If we would have had support, we could have advanced our program. I don't know if we would have advanced at the exact pace as Moderna. I mean, they got a billion dollars. We weren't asking for a billion dollars. But we wouldn't be talking about Phase 1 right now. We'd be talking about Phase 3 and rolling out vaccines to Canadians this summer.
I know you're quite happy that you're starting this now and you're getting this rolling. But how frustrating is it for you that you could have been that solution so much earlier?
I am frustrated. You know, we've had a consistent message. We've said that they're going to experience challenges, supply challenges. We said, "If you thought getting PPE was difficult, wait 'til you're trying to deal with the vaccine." And we're seeing that now.
You can't expect the host nations, whether it's the European Union or the U.S., to spend billions and billions of dollars to fast-track a vaccine and then export that vaccine.
We've been saying we need to have our own capacity here in Canada from the beginning.
There is one Canadian home-grown idea or initiative. The Quebec-based company Medicago is the only Canadian company with an agreement signed with the federal government. How different is yours to what they're developing?
I hope they succeed. I mean, I want there to be lots of options, lots of solutions, to deal with this pandemic.
I started my company to go after cancer, not to go after COVID. And, you know, we stopped a cancer program to work on this because we felt there was a need, an overwhelming need. And I really want to get back to that other program. And so, you know, I can't speak much to Medicago's progress and their technology. I'll let them speak for themselves.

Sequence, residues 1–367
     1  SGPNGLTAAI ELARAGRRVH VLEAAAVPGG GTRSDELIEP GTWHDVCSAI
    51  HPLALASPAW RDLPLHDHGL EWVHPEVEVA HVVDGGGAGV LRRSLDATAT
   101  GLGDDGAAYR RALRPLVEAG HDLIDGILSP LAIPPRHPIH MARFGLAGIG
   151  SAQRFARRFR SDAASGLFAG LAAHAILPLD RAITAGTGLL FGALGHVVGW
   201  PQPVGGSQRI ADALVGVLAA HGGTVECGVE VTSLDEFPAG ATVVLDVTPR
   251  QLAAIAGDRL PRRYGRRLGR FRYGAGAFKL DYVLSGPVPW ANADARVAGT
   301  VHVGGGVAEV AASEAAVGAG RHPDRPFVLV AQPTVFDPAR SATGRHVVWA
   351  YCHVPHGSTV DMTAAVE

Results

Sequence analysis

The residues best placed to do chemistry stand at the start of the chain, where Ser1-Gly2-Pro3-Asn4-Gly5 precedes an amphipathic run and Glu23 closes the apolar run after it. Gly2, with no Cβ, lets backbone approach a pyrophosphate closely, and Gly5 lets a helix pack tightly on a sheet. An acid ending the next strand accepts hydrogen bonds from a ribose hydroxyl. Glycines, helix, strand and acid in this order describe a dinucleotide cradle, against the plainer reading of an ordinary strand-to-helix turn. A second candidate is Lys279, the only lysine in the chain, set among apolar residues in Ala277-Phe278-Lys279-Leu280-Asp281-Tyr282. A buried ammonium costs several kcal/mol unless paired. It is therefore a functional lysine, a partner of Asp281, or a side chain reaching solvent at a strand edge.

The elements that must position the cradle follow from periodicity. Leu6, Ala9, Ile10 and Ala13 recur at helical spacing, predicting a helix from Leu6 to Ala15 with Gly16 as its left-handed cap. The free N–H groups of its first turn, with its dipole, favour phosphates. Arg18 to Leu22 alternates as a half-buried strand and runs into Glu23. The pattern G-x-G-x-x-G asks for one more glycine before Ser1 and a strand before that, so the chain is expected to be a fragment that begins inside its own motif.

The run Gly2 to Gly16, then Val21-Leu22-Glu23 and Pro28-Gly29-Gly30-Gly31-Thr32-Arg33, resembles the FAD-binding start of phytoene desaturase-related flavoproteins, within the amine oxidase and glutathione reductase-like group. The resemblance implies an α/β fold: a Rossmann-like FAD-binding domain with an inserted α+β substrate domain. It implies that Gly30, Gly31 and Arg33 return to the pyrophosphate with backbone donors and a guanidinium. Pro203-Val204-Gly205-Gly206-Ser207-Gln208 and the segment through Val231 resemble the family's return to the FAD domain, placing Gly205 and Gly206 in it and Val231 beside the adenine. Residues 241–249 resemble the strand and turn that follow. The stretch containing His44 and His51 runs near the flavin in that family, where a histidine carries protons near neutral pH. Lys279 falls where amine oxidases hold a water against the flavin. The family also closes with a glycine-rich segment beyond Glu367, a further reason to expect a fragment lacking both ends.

And you're manufacturing this in Calgary, is that right?
Yep. We actually started our manufacturing in Toronto at Sunnybrook Research Institute. But it's not a large enough facility for us to take it to the next stage. So we did all of our Phase 1 and Phase 2 vaccines in that facility. And now we're in the process of transferring that manufacturing from Toronto to Calgary and building up the capacity in Calgary.
We heard today that the European Union is threatening to stop any [exports] of European-made vaccines … to other countries before they've given the vaccine to citizens in Europe. The United States has made similar threats. How important do you think it is to have what you're offering, which is a Canadian-made ... solution?
I would be stunned if we do not hear from the federal government next week. There's no other way I could describe it. If we don't hear from them next week, you know, let's call back and have another interview, because it would, I think, create national outrage.
We've got an opportunity to solve our problem, and not only solve our problem, but contribute to solving the worldwide problem. Instead of competing for a scarce resource and trying to buy our way up the queue, we can add to capacity.
And I think that's really where we're at, and I think we can do that.
Written by Sheena Goodyear. Interview produced by Katie Geleff. Q&A has been edited for length and clarity.
- An earlier version of this story said Providence Therapeutics is based in Toronto. In fact, it is based in Calgary.Feb 11, 2021 3:54 PM ET